Book Review: Spill Zone | Books & Authors | Hudson Valley | Hudson Valley; Chronogram

Arts & Culture » Books & Authors

Book Review: Spill Zone

by

comment
spill-zone_puvilland.jpg

Three years ago, an unexplained event turned Poughkeepsie into a contaminated nuclear site of monumental proportions. The government fenced off the entire city and placed troopers along Route 9D to keep everyone out of the meltdown area. No entry, no photos, no survivors. Spill Zone is a graphic novel that follows Addison and Lexa Merrit, a pair of sisters orphaned by the accident, as Addison makes secret, nocturnal trips into the spill zone to take pictures.

These pictures eventually land in the hands of a collector, who sets out to find the daredevil willing to break into the contaminated city. The collector offers Addison a million dollars if she's willing to go into the spill zone and retrieve a device from a hospital deep in the meltdown. Initially hesitant, Addison does what any struggling millennial will do when faced with a ridiculous sum of money; she says "screw it," accepts the offer, and bikes into the heart of the spill, going inside the very building where her parents were working the night of the accident.

There's another mystery surrounding Addison's younger sister, Lexa, and her Raggedy Anne doll that has, quite literally, a life of her own. While Lexa managed to escape the spill, she hasn't spoken since the day of the accident. It may come as no surprise that her doll, Vespertine, has a lot to say.

Addison's clandestine visits to this Lovecraftian city are chillingly familiar. The creators of this dystopian Poughkeepsie know what the city looks like (Westerfield is a Vassar grad), and readers will recognize signs for the Ice House, the exterior of the Hudson River State Hospital, the facade of Poughkeepsie Elementary, and the Hoe Bowl off the Dutchess Turnpike. Even New Paltz dive bar Snug Harbor is recognizable in a few flashback panels, where Addison is shooting pool as the spill occurs across the river.

There are a few noticeable changes to the landscape. Poughkeepsie is suddenly as mountainous as Beacon, and something that could be the Indian Point nuclear reactor is moved within view of Mid-Hudson Bridge. The Hudson River State Hospital is a working medical hospital, and no longer a decrepit, abandoned asylum. The mix of the familiar and unfamiliar is even more obvious once we're in the zone itself—a strange place where birds fly in figure eight patterns and the swings on the playground never stop.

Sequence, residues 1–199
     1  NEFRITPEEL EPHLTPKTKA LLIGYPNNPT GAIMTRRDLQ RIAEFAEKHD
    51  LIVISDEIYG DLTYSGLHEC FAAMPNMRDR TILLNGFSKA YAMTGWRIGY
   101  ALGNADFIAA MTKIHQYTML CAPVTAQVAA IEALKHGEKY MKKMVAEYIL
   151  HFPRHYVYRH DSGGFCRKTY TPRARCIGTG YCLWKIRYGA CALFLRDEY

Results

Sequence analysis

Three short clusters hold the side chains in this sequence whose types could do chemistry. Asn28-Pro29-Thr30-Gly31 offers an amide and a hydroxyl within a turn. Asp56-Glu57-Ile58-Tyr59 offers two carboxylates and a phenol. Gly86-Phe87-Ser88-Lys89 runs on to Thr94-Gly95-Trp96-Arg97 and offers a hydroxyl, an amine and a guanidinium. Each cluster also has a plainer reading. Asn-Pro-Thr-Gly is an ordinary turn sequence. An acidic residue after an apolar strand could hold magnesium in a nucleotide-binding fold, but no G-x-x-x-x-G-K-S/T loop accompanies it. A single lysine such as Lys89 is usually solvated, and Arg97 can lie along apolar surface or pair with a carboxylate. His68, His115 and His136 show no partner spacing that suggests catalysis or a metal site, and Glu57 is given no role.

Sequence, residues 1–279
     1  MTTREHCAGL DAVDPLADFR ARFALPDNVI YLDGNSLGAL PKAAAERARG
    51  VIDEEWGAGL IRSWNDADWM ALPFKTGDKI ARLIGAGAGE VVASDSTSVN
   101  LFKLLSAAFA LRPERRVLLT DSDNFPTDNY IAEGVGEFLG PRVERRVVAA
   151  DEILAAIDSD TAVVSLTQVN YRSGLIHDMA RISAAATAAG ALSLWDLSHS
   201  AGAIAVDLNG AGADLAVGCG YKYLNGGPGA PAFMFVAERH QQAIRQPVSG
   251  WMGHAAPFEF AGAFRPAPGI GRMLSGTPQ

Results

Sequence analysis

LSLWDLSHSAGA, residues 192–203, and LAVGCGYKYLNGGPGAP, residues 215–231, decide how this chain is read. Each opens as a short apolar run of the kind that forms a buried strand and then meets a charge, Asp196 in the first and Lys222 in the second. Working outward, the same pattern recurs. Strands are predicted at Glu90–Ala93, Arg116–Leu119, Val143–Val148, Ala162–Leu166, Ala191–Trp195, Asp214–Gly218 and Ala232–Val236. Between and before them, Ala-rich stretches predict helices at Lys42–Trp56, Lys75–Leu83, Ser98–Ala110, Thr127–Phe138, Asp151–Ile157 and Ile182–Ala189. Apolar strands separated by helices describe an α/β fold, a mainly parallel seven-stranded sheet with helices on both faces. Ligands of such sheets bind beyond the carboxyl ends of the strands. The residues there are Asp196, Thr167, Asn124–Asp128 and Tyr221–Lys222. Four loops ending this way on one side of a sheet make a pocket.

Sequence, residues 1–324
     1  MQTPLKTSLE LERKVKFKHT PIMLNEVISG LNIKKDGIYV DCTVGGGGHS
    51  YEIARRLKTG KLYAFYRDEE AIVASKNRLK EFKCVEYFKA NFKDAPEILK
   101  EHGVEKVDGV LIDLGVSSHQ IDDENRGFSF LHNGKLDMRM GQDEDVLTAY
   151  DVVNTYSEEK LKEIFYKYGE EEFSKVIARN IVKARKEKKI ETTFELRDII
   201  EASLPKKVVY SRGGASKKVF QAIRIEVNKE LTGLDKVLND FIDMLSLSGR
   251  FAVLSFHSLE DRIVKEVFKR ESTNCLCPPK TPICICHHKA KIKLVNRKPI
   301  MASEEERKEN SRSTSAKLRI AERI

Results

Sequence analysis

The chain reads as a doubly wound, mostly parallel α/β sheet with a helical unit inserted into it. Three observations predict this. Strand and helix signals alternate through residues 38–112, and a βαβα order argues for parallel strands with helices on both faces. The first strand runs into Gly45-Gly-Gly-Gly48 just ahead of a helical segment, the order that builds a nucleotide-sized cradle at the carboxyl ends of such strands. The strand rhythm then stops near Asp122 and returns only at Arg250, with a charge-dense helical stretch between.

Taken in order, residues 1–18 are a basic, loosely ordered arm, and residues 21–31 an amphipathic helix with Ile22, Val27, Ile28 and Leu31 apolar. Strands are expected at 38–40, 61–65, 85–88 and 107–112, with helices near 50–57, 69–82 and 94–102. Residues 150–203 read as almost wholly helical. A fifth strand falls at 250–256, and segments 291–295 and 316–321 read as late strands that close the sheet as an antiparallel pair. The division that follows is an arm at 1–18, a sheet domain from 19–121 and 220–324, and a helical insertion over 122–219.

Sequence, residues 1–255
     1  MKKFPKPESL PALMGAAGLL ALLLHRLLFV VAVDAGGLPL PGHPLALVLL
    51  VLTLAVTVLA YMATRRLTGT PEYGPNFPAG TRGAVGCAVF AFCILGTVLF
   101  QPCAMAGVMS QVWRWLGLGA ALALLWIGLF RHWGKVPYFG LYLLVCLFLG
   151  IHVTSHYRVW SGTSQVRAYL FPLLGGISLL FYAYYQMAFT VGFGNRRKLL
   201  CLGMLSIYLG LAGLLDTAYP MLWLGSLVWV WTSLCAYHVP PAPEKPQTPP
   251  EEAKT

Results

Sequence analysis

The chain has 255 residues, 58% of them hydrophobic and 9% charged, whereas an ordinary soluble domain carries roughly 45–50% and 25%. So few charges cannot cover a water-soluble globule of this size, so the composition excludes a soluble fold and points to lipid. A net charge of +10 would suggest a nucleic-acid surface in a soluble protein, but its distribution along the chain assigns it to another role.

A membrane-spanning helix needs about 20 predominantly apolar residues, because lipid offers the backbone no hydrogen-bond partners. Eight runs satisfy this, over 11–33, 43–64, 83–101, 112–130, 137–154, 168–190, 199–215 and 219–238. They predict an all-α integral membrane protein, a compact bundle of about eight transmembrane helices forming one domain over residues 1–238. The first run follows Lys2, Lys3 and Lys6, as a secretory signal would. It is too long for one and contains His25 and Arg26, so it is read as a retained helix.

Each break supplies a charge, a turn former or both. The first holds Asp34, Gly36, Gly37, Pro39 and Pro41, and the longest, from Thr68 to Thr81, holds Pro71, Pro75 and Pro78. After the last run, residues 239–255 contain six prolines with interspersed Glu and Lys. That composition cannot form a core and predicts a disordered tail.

One of the best reasons to read a graphic novel is also the most obvious—you get to see exactly what the characters see. In a sci-fi/fantasy story, the reader can easily get bogged down in intricate descriptions of supernatural events, chimeric creatures, and split-second emotions. Spill Zone does not allow the audience time to slow down. The action is not mired in explanation of monsters, and we see them instantly, bizarrely made and strangely formed. While the reader can pause to look over the vibrant, acid-colored illustrations, it's not until you've gone a few pages forward first, just to make sure Addison has escaped from the spill zone safely.

We are allowed to listen in on Addison's internal narrative without forcing a character who is portrayed as serious and introverted to indulge in cheesy "Dear Diary" dialogue. The incredible visuals also give the reader spooky hints without pushing Addison to see these clues herself. Spill Zone is an intimate look into Addison's mind, while still keeping the mystery of the accident intact. In the beginning, she warns the reader not to look into the eyes of the reanimated floating corpses that hang in streets and delis. While Addison looks away, we get static panels that render glowing eyes and slack-jawed expressions clearly.

Spill Zone is the first installment in a series of graphic novels, and at the end of the story we are left with more questions than answers, but eager for the next episode. The writing is effective, and benefits from not being laden with descriptions of otherworldly surroundings, instead leaving tight action sequences and nuanced environmental detail in the hands of a talented illustrator. Addison is a heroine we can invest in, who goes for the shot even when faced with demons. Even when the demons seem to know her name.

Add a comment